Regardless though to whatever Gill says, I still find many positives to teen magazines. Not only do they create a common bond between readers, it also has a good mixture of stories, and had that much needed element, of "you're not alone" in your thinking, emotions, etc. They are especially needed in those awkward stages of early teen years. They can also help in immersing yourself in outside culture and news, especially when a lot of young girls aren't flipping through the New York Times or Time magazine. All in all, even though there is much merit in Gill's section on teen mags, it still doesn't account for the many positives there can be for young girls that need these teen magazines.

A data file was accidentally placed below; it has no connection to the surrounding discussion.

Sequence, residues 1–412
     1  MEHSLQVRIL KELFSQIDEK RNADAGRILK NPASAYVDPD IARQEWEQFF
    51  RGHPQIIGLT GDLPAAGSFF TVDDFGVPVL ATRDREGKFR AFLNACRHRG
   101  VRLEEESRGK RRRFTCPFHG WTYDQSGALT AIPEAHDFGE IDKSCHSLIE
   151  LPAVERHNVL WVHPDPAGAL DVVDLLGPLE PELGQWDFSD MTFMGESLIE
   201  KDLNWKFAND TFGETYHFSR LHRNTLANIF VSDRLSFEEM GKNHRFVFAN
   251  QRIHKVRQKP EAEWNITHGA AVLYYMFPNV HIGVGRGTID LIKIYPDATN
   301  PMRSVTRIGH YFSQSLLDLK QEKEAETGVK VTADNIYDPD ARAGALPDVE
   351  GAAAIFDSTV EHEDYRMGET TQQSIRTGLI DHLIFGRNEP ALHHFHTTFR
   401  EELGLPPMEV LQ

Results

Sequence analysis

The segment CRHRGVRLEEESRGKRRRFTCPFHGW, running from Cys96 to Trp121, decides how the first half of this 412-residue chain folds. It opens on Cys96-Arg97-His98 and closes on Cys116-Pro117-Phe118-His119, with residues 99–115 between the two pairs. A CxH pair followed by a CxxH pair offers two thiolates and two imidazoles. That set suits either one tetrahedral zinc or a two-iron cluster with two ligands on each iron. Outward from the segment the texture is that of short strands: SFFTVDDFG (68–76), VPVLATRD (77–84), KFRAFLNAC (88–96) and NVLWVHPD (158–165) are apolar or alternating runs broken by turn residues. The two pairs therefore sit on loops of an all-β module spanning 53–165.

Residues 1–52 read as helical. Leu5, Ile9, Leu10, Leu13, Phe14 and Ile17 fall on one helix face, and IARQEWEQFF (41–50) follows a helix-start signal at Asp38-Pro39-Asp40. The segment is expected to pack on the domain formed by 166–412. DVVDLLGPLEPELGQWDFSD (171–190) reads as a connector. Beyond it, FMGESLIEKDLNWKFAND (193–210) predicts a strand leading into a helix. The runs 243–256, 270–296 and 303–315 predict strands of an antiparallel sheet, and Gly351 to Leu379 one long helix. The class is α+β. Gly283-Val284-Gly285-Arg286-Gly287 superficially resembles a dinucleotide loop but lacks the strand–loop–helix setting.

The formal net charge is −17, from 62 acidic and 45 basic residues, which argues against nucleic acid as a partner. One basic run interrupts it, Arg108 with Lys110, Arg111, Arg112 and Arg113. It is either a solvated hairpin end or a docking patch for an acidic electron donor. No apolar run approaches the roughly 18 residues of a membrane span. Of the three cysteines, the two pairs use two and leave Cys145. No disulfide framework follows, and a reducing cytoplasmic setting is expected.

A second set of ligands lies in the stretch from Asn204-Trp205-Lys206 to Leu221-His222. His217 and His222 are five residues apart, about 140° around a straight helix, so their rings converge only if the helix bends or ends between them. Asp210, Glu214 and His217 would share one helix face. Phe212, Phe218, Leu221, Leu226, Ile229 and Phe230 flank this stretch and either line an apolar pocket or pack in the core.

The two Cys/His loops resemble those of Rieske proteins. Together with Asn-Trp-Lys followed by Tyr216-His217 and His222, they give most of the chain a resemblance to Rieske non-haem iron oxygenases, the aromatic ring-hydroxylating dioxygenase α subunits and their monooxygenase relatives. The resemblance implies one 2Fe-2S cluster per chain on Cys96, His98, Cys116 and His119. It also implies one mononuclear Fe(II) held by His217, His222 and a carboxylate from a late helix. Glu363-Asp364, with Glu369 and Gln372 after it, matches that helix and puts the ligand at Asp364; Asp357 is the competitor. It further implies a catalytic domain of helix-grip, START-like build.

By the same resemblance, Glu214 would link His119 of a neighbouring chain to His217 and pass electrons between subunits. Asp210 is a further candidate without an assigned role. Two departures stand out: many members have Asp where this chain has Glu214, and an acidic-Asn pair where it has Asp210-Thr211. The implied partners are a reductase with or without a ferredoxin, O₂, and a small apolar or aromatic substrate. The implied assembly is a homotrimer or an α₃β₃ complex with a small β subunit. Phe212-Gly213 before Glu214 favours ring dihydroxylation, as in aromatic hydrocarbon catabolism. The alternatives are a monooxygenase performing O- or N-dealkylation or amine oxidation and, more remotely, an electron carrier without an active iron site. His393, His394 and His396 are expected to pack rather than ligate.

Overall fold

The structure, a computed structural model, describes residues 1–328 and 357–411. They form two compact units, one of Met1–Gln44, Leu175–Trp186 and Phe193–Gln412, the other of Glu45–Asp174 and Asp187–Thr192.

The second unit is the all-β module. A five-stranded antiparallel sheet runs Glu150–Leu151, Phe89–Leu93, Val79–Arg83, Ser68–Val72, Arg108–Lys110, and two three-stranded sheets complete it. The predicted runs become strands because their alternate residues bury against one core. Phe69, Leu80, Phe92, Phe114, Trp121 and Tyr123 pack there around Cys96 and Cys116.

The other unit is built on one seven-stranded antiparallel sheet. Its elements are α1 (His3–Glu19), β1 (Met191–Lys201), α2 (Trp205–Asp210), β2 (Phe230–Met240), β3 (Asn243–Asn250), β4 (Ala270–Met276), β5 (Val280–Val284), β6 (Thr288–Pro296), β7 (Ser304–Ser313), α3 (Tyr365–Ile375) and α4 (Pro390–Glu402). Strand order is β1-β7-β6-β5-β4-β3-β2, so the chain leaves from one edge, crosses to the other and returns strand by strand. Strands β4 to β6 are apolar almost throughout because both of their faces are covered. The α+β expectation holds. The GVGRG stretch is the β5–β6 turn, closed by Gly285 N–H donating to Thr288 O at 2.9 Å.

Friday, April 6, 2012